[Footnote 410: Haddan and Stubbs, i. 25. The 'Catalogus' was composed
early in the 4th century, but the incident is a later insertion.]

[Footnote 411: See p. 225.]

[Footnote 412: He is mentioned by Gildas, along with Julius and Aaron
of Caerleon. These last were already locally canonized in the 9th
century, as the 'Liber Landavensis' testifies; and the sites of their
respective churches could still be traced, according to Bishop Godwin,
in the 17th century.]

[Footnote 413: Eborius of York, Restitutus of London, and Adelfius of
"Colonia Londinensium." The last word is an obvious misreading. Haddan
and Stubbs ('Concilia,' p. 7) suggest _Legionensium_, i.e. Caerleon.]

[Footnote 414: It is more reasonable to assume this than to
imagine, with Mr. French, that these three formed the entire British
episcopate. And there is reason to suppose that York, London, and
Caerleon were metropolitan sees.]

[Footnote 415: Canon x.: De his qui conjuges suas in adulterio
deprehendunt, et iidem sunt fideles, et prohibentur nubere; Placuit
... ne viventibus uxoribus suis, licet adulteris, alias accipiant.
[Haddan, 'Concilia,' p. 7.]]

[Footnote 416: 'Ad Jovian' (A.D. 363).]

[Footnote 417: 'Contra Judaeos' (A.D. 387).]

[Footnote 418: 'Serm. de Util. Lect. Script.']

[Footnote 419: Hom. xxviii., in II. Corinth.]

[Footnote 420: This text seems from very early days to have been a
sort of Christian watchword (being, as it were, an epitome of the
Faith). The Coronation Oath of our English Kings is still, by ancient
precedent, administered on this passage, _i.e._ the Book is opened for
the King's kiss at this point. In mediaeval romance we find the words
considered a charm against ghostly foes; and to this day the text is
in use as a phylactery amongst the peasantry of Ireland.]

[Footnote 421: Ep. xlix. ad Paulinum. These pilgrimages are also
mentioned by Palladius (420) and Theodoret (423).]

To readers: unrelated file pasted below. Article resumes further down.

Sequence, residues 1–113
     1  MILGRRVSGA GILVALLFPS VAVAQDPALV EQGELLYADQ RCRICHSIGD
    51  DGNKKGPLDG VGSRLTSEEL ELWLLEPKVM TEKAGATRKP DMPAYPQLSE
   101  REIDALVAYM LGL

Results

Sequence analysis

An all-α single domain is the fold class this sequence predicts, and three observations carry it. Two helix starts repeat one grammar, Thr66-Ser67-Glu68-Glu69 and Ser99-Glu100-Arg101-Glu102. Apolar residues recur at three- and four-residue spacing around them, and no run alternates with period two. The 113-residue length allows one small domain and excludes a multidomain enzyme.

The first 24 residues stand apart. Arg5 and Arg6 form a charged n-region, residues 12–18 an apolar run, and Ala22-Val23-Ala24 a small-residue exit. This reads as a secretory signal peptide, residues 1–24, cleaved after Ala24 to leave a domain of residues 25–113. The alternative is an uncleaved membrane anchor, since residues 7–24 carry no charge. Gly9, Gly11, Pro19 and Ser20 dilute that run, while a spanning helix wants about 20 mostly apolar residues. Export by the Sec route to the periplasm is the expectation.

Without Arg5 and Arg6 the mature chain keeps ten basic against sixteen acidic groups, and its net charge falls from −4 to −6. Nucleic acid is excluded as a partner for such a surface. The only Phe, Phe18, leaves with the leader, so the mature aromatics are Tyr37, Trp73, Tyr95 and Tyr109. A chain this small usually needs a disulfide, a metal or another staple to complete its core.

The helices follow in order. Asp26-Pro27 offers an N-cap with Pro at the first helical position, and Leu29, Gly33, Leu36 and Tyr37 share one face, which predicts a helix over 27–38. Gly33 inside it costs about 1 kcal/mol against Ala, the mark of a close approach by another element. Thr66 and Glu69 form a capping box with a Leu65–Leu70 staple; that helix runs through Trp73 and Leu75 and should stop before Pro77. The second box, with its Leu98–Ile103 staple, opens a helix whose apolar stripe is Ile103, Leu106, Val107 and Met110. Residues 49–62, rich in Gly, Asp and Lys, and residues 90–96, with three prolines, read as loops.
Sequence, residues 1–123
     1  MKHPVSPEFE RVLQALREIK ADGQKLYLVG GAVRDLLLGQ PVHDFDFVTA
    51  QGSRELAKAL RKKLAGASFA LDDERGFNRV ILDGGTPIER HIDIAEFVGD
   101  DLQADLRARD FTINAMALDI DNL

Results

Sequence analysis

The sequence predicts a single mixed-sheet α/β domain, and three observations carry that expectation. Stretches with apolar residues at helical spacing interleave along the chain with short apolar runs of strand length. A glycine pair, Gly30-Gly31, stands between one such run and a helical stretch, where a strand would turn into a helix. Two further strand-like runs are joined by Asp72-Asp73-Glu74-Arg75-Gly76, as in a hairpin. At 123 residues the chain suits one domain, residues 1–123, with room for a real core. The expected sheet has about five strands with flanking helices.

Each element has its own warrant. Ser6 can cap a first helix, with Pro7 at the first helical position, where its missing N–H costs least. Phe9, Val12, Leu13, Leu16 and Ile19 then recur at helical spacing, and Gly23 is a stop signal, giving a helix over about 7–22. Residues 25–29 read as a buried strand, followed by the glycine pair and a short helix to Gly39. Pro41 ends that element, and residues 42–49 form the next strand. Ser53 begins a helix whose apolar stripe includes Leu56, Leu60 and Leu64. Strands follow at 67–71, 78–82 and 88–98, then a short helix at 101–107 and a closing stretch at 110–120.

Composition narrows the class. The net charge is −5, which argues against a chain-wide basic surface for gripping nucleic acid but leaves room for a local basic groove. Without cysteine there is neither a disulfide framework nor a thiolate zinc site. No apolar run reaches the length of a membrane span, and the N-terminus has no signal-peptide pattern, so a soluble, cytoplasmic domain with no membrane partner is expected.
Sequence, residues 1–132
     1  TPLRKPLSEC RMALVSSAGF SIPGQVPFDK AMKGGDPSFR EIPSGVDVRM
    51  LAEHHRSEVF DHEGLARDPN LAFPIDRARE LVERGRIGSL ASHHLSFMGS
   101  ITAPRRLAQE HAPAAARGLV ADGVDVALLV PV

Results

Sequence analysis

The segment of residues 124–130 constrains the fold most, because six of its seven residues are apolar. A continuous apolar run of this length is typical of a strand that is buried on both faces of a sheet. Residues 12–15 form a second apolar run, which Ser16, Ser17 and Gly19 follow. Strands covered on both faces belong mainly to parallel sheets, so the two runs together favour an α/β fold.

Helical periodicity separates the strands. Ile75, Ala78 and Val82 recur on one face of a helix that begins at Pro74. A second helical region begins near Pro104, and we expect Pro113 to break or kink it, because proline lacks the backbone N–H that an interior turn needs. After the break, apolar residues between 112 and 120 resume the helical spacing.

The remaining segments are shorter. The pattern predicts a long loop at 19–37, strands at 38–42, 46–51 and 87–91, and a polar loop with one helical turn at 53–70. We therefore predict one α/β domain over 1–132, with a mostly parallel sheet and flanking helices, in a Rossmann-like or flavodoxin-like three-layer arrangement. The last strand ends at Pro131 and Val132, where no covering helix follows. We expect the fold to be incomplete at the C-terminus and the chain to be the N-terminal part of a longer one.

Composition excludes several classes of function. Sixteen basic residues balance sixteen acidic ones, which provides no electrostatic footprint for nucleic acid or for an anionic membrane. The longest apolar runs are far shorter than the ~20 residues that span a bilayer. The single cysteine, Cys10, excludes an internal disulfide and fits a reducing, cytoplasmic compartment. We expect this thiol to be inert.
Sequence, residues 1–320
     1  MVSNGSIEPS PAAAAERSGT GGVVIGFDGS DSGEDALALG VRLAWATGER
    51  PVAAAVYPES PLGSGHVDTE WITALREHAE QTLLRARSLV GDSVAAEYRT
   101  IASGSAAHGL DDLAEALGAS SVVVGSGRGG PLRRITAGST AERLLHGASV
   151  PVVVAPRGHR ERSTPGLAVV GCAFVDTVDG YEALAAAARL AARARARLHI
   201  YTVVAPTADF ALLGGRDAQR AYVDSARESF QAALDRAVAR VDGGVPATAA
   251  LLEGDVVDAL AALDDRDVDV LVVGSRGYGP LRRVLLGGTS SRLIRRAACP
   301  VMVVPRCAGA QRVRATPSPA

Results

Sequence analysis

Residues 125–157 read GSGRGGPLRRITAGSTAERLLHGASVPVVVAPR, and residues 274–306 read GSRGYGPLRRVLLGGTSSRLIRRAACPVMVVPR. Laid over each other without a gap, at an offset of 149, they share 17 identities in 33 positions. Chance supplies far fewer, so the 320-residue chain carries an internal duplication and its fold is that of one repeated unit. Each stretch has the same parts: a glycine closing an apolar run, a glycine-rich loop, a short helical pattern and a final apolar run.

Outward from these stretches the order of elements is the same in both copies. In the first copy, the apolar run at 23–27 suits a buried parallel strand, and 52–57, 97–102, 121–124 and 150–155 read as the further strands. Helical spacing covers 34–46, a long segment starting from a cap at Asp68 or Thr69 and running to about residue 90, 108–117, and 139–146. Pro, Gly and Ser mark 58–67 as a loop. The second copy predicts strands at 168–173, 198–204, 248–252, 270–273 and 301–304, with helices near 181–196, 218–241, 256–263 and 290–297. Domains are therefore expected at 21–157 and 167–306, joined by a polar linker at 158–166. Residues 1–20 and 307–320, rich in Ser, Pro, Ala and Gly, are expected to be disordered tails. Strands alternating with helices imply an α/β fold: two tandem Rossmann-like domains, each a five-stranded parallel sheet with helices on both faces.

[Footnote 422: Ep. lxxxiv. ad Oceanum.]

[Footnote 423: Ep. ci. ad Evang.]

[Footnote 424: Whithern (in Latin _Casa Candida_) probably derived its
name from the white rough-casting with which the dark stone walls of
this church were covered, a strange sight to Pictish eyes, accustomed
only to wooden buildings.]

[Footnote 425: The practice, now so general, of dedicating a church
to a saint unconnected with the locality, was already current at Rome.
But hitherto Britain had retained the more primitive habit, by which
(if a church was associated with any particular name) it was called
after the saint who first built or used it, or, like St. Alban's,
the martyr who suffered on the spot. Besides Whithern, the church of
Canterbury was dedicated about this time to St. Martin, showing the
close ecclesiastical sympathy between Gaul and Britain.]

[Footnote 426: The cave is on the northern shore of the Thuner-See,
near Sundlauenen. Beatus is said to have introduced sailing into the
Oberland by spreading his mantle to the steady breeze which blows
down the lake by night and up it during the day. The name of Justus is
preserved in the Justis-thal near Merlingen.]

[Footnote 427: This name is merely the familiar Welsh _Morgan_, which
signifies _sea-born_, done into Greek.]

[Footnote 428: See Orosius, 'De Arbit. Lib.,' and other authorities in
Haddan and Stubbs.]

[Footnote 429: Sidonius, Ep. ix. 3.]

[Footnote 430: Constantius, the biographer of Germanus, says they were
sent by a Council of Gallican Bishops; but Prosper of Aquitaine (who
was in Rome at the time) declares they were commissioned by Pope
Celestine. Both statements are probably true.]

[Footnote 431: The lives of Germanus, Patrick, and Ninias will be
found in a trustworthy and well-told form in Miss Arnold-Foster's
'Studies in Church Dedication.']

[Footnote 432: See p. 185.]

[Footnote 433: Bede, 'Eccl. Hist.' I. xxvi.]

[Footnote 434: Many existing churches are more or less built of Roman
material. The tower of St. Albans is a notable example, and that of
Stoke-by-Nayland, near Colchester. At Lyminge, near Folkestone, so
much of the church is thus constructed that many antiquaries have
believed it to be a veritable Roman edifice.]

[Footnote 435: See Lanciani, 'Pagan and Christian Rome,' p. 115.]

[Footnote 436: At Frampton, near Dorchester, and Chedworth, near
Cirencester, stones bearing the Sacred Monogram have been found
amongst the ruins of Roman "villas."]

[Footnote 437: The British rite was founded chiefly on the Gallican,
and differed from the Roman in the mode of administering baptism, in
certain minutiae of the Mass, in making Wednesday as well as Friday a
weekly fast, in the shape of the sacerdotal tonsure, in the Kalendar
(especially with regard to the calculation of Easter), and in the
recitation of the Psalter. From Canon XVI. of the Council of Cloveshoo
(749) it appears that the observance of the Rogation Days constituted
another difference.]

[Footnote 438: The Mission of St. Columba the Irishman to Britain was
a direct result of the Mission of St. Patrick the Briton to Ireland.]

[Footnote 439: Magna Charta opens with the words _Ecclesia Anglicana
libera sit_; and the Barons who won it called themselves "The Army of
the Church."]